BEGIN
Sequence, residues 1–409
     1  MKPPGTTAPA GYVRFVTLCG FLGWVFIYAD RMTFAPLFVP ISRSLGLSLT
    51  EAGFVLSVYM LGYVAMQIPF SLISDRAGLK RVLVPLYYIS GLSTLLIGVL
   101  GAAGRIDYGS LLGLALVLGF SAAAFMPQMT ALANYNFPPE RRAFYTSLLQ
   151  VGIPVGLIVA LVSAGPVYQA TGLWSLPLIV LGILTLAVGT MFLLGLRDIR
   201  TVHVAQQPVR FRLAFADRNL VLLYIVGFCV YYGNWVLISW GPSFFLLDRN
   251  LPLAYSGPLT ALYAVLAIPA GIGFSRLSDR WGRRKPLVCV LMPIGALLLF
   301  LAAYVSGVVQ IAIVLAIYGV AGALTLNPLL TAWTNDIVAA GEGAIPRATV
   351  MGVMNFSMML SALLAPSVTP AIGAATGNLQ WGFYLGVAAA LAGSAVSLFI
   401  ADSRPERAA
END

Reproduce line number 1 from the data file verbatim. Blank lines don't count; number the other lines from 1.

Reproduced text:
Sequence, residues 1–409